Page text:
The City of Windsor will fund the statue of the late Rosalie Trombley
A statue of Windsor, Ontario music icon Rosalie Trombley will receive support from city council.
At their meeting on Monday, councilors decided to fund the bronze statue of Trombley, a music radio pioneer known as The Girl with the Golden Ear who died in 2021.
Council unanimously passed a motion to allocate $100,000 towards the creation, installation and unveiling of the statue in conjunction with the Windsor and Area Arts Council.
Prior to the council’s vote, Donna Mayne, the statue’s sculptor, said it was about 80 percent complete.
“If the council agrees with the arts committee that this is a culturally valid idea for this city, hopefully it will be cast in bronze soon,” Mayne said.
Mayne’s proposed location for the statue is the Festival Plaza on the city’s riverfront.
The sculpture is expected to be complete and ready for installation by April 2023. A public unveiling would take place on September 18, 2023, at a special ceremony on Trombley’s birthday.
According to a report on Monday’s council agenda, the full project is expected to cost $170,000. St. Clair College has already pledged the remaining $70,000.
Leaving his mark on the airwaves
Trombley was musical director of The Big 8 – CKLW Radio from 1968 to 1984. She was able to choose songs that would become major radio hits.
Tromblay has helped many musical artists break through, including The Guess Who, Gordon Lightfoot, Bob Seger, Alice Cooper and Aerosmith.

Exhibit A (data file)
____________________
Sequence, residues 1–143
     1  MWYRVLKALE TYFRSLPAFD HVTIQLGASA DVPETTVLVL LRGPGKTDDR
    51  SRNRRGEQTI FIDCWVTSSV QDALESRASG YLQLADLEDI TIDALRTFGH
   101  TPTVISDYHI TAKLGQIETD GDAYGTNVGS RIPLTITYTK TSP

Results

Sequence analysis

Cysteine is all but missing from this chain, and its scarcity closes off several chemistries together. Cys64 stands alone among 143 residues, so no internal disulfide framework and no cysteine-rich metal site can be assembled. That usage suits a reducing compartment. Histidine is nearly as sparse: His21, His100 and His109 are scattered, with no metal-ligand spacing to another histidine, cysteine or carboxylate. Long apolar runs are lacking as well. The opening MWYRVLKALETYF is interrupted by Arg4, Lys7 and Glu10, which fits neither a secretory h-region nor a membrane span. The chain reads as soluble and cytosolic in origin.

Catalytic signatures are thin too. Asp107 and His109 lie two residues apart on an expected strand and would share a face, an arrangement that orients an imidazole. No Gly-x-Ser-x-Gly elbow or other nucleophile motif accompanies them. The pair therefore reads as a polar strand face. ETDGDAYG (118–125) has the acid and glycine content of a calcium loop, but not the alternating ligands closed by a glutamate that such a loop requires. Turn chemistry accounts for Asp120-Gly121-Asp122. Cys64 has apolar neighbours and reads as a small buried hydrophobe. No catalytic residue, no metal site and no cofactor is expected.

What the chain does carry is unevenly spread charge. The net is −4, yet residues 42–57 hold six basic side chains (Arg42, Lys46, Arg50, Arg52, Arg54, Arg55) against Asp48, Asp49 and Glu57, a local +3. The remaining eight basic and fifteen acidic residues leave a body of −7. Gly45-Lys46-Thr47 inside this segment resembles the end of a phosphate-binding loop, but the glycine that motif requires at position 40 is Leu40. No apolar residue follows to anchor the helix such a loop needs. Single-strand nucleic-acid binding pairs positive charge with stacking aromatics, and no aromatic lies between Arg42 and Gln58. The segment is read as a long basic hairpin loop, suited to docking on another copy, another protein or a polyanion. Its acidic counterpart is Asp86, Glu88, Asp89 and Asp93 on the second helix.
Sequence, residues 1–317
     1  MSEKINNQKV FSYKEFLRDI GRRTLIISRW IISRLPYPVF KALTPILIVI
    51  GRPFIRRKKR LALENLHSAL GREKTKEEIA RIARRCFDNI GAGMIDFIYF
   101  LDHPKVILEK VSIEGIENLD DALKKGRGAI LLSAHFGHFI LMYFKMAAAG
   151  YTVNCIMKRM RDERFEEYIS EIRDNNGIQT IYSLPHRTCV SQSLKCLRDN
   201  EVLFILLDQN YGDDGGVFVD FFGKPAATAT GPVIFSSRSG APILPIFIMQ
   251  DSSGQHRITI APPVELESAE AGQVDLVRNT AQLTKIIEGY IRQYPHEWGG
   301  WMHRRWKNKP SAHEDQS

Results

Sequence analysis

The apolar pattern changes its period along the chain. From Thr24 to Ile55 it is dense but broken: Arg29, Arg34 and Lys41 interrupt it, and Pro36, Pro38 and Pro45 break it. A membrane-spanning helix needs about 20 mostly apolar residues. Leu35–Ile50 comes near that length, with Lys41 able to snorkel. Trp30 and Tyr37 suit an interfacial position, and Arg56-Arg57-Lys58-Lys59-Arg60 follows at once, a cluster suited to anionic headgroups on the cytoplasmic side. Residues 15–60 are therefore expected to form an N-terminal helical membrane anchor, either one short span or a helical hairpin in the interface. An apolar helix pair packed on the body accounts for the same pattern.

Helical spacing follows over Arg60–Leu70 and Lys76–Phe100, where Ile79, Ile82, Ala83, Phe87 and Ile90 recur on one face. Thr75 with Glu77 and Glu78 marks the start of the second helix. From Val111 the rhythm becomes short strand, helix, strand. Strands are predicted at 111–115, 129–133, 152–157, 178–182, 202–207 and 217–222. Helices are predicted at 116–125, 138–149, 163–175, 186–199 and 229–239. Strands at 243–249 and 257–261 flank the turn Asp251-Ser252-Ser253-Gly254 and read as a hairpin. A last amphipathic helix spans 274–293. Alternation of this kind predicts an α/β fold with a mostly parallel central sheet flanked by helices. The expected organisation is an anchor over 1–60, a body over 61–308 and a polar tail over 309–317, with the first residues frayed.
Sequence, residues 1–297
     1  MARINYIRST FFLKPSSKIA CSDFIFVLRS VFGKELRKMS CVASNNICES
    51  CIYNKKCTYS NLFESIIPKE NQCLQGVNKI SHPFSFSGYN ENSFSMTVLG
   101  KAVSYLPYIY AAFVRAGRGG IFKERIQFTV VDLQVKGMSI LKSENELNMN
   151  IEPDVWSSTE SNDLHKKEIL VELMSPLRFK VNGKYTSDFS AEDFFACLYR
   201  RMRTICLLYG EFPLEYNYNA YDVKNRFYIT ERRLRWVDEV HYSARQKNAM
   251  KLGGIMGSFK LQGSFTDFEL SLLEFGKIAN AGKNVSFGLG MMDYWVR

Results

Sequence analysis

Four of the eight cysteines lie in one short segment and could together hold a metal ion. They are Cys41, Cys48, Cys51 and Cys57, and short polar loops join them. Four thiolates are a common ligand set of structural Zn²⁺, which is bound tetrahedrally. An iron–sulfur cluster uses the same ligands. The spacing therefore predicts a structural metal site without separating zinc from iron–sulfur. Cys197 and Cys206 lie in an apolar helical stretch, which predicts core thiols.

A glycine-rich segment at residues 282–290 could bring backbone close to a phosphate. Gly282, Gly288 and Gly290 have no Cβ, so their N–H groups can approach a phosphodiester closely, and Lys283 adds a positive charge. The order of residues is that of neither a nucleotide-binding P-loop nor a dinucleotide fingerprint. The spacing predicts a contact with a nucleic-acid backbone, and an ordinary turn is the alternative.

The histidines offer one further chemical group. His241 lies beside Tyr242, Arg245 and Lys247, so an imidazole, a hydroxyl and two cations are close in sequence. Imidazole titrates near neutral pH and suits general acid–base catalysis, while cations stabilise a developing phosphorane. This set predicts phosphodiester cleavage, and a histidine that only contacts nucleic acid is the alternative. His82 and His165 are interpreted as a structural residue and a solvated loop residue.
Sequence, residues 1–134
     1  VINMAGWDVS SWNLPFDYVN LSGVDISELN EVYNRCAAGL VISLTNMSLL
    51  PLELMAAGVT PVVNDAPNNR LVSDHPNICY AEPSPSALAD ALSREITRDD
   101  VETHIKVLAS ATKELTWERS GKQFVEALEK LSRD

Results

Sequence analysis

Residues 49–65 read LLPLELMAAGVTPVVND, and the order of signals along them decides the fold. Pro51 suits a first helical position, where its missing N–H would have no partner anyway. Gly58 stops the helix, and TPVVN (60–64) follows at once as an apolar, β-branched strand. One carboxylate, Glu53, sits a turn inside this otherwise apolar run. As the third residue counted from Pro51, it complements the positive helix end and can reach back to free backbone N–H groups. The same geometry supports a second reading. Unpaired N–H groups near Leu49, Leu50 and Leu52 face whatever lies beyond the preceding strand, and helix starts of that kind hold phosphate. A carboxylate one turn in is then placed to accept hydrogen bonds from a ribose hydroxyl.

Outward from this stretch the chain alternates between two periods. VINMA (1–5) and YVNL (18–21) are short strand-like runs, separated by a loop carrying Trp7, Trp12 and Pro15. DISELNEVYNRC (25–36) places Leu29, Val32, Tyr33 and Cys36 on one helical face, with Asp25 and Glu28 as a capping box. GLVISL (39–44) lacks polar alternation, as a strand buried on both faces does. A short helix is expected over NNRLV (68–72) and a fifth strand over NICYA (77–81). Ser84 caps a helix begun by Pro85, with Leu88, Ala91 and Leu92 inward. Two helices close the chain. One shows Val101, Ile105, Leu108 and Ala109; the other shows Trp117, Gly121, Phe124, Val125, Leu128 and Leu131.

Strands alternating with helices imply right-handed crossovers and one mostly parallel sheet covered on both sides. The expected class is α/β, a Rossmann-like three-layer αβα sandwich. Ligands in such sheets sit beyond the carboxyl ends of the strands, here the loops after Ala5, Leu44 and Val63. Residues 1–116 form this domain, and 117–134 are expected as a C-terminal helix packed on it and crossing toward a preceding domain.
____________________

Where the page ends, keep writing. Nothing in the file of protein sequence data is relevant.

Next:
Seger wrote a song about Trombley, Rosaliewhich was released as a single in 1973. Trombley also convinced Elton John to release one of his most popular songs, Bennie and the Jets, as single.
Its influence is felt on both sides of the border.
She left CKLW after the station struggled with Canadian content regulations and became music director of WLTI-FM in Detroit, then CKEY in Toronto.
Trombley lived in a long-term care home in Leamington, Ont., before he died Nov. 23 due to complications from Alzheimer’s disease.
“Recording artists, established and aspiring, visited Trombley to promote their latest singles,” Trombley’s family said in a press release shortly after his death.
A lasting legacy
Trombley received the Walt Grealis Special Achievement Award at the 2016 Juno Awards honoring the best in Canadian music. She is also the namesake of the Rosalie Award, given by Radio Trailblazers to women who “have had successful careers in the radio industry and are seen as leaders, mentors and people who make a difference in our business.” . Trombley was the first recipient of the award in 2005.
Diane Lauzon, Trombley’s daughter, said a statue would help people learn more about her.
“She’s well known in the industry, but maybe not everyone knows what my mom has done with her radio career,” Lauzon said. “It’s a chance for them to get to know The Girl with the Golden Ear, especially if it’s interactive, and we hope it will be.”